Know what’s behind you, but keep your focus on what’s ahead

We can all be creatures of habit. It’s easy to get stuck in a particular way of thinking about a person or situation. Yet when we can look ahead instead of behind, we can find new answers, new solutions.

Last Friday, I met with a staff of a small organization to review assessment results. It was a fun and rewarding time for me, because everyone was genuinely interested in learning more about themselves and each other. They were filled with probing questions that reflected their interest in looking ahead.

They understood that there were no “right” or “wrong” results, and that the reports indicated a person’s natural style and tendency. In fact, differences can be a huge advantage on a team; the important point is to have an awareness of a particular style and know how it may influence an interaction or task on a project.

About half of this team of 20 had worked together for many years. The others have joined the company more recently, a couple of them within the last few weeks. I respected the openness of this team to move past the known dynamics of the team members who have worked together for a long time. Rather than getting mired in how they “knew” someone would react to something, they eagerly explored the motivation of the reaction that they had previously experienced. They moved away from judging that reaction as “wrong” but explored how it could be useful to think about something differently.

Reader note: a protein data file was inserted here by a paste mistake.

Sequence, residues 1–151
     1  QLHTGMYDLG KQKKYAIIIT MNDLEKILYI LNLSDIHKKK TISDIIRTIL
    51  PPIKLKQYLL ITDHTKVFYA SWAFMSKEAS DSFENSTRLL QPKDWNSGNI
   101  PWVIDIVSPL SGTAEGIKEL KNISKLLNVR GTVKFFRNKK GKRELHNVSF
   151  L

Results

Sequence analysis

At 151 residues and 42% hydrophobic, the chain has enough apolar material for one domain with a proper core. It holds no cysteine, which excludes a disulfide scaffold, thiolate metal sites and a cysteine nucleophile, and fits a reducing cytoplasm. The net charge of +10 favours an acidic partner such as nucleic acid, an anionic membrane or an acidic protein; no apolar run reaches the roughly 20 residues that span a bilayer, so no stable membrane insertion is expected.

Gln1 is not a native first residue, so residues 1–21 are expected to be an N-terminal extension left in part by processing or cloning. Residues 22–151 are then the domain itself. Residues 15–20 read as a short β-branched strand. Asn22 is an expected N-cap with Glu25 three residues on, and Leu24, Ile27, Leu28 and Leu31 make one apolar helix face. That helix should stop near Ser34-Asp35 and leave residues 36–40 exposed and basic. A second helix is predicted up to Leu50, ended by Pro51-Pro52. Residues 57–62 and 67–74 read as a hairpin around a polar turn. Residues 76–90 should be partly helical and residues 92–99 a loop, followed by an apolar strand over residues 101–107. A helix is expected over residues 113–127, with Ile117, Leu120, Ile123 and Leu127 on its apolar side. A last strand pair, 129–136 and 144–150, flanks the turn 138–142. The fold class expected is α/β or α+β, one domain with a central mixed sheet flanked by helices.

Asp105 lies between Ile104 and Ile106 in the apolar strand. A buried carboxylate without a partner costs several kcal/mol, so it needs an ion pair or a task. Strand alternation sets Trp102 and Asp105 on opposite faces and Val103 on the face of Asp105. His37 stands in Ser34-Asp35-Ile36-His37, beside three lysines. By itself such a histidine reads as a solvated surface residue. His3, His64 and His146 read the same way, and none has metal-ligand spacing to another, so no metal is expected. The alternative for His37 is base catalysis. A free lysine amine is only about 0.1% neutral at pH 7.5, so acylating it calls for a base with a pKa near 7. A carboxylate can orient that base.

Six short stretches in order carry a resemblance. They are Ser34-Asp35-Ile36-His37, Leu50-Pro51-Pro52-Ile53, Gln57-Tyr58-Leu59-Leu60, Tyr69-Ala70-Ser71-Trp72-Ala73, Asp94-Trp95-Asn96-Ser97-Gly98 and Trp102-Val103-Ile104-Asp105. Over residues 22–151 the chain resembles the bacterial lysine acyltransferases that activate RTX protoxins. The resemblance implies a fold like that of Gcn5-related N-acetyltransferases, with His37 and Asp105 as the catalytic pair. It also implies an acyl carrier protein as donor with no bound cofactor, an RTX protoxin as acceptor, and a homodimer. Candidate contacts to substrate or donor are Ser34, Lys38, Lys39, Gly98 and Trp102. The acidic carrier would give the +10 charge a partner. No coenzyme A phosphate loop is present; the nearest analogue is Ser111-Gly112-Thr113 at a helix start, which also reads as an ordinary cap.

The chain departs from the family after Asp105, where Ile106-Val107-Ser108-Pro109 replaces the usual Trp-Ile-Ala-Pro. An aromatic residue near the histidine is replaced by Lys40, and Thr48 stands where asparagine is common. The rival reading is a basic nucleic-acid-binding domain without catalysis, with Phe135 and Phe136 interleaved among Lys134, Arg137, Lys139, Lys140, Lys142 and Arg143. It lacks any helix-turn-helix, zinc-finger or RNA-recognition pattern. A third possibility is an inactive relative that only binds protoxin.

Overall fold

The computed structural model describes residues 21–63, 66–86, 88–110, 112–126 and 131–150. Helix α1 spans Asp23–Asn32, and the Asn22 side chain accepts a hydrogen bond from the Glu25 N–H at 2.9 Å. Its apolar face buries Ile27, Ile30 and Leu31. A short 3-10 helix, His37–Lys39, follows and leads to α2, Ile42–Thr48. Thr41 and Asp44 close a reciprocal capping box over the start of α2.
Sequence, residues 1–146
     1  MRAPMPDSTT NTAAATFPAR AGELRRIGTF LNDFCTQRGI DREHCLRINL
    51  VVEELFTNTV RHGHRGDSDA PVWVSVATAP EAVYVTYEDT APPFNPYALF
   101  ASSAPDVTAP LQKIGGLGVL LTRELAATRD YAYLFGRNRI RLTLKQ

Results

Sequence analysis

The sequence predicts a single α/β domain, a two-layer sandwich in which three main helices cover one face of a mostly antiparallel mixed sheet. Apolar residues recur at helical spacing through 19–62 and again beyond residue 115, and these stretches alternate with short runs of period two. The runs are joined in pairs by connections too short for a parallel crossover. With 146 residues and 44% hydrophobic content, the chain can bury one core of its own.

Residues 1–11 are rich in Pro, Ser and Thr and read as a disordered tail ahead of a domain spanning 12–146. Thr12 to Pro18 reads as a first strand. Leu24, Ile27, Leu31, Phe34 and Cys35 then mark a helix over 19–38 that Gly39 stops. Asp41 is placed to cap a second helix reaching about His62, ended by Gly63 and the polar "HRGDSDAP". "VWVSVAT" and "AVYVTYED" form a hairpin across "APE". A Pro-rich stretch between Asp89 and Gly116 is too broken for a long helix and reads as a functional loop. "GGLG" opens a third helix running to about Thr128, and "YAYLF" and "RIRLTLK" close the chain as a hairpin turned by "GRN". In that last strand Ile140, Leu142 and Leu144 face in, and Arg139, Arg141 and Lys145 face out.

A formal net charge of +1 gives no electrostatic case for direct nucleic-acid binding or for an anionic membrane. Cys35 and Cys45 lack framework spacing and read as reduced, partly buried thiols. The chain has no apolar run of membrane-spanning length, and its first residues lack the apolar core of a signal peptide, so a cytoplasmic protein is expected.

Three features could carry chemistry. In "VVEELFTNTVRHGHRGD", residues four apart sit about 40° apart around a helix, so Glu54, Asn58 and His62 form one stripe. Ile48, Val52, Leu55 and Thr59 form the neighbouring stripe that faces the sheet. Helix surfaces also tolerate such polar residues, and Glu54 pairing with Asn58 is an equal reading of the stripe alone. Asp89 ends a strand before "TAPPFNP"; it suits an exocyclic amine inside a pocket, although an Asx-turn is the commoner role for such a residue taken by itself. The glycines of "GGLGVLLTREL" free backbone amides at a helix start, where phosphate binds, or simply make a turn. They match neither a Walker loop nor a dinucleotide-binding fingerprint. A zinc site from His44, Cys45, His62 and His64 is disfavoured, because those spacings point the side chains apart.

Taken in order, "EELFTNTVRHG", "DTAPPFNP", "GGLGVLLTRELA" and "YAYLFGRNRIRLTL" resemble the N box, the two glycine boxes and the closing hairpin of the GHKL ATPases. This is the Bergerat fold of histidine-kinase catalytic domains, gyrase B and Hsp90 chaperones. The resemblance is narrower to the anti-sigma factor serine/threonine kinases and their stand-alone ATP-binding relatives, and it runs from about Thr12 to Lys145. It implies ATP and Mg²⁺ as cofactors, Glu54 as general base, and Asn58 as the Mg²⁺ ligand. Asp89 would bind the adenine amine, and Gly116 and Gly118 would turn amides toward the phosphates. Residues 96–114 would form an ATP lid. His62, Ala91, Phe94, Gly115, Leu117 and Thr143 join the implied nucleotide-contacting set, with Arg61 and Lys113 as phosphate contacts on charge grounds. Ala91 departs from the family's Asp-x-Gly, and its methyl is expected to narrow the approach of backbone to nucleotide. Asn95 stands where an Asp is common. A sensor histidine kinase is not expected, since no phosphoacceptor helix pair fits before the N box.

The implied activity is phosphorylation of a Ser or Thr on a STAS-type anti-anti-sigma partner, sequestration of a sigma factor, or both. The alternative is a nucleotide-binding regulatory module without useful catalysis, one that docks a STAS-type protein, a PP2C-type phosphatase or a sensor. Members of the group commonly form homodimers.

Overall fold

Yesterday when Grace and I went on a walk, she readily jumped on top of this rock. Her first instinct was to look behind (shown in the picture above), but then she turned to look ahead. I guess we all have that tendency when facing a new hurdle. But if Grace can look ahead, I know you can, too!

It’s very easy to get frustrated with someone if that person has annoyed you in the past. Yet if we enter a new conversation with that same person, bringing with us a willingness to see another way, we will likely find there is value in the other person’s approach.

Even if you don’t change the process or the decision involved, it will absolutely help you have greater respect for the other opinion when you realize that the person has genuine intentions for the same things you want.

The way you get there may be different and there isn’t anything wrong with that.

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  1. Laurie Bartolo on February 27, 2012 at 4:50 pm

    Great post Robin! The reason I love assessments is that there is no right or wrong and there is no judgment. We spend too much time in “judging” mode (whether judging ourselves or others) and criticizing the things we don’t like rather than seeing the beauty and possibilities in the truth (who we truly are). Assessments shine a light on the beauty and possibilities. I’m glad you had such an open minded group to work with and I hope some of your participants were able to see the people they “know” through a new lens. Also, great photos of Grace (do you use her photos in any of your presentations?).

    • PeopleSense Consulting LLC on February 28, 2012 at 1:52 pm

      I agree — assessments allow us to see all the good and understand it through a common language. I haven’t used pictures of Grace in my presentations — what a great idea! That has me thinking ….

  2. spiderpaw on February 27, 2012 at 5:34 pm

    I can relate to this post Robin. As a business owner, I had all the answers and thought that anyone with a different approach was just plain wrong. Over the years I slowly learned not to be so quick to judge and stopped anticipating the “wrong” answers from my workers.

    • PeopleSense Consulting LLC on February 28, 2012 at 1:53 pm

      You are very wise, Lionel. I know for me it’s still hard to get rid of impressions that I have, but it’s really helpful to keep it as a goal, especially when I’m frustrated with someone!

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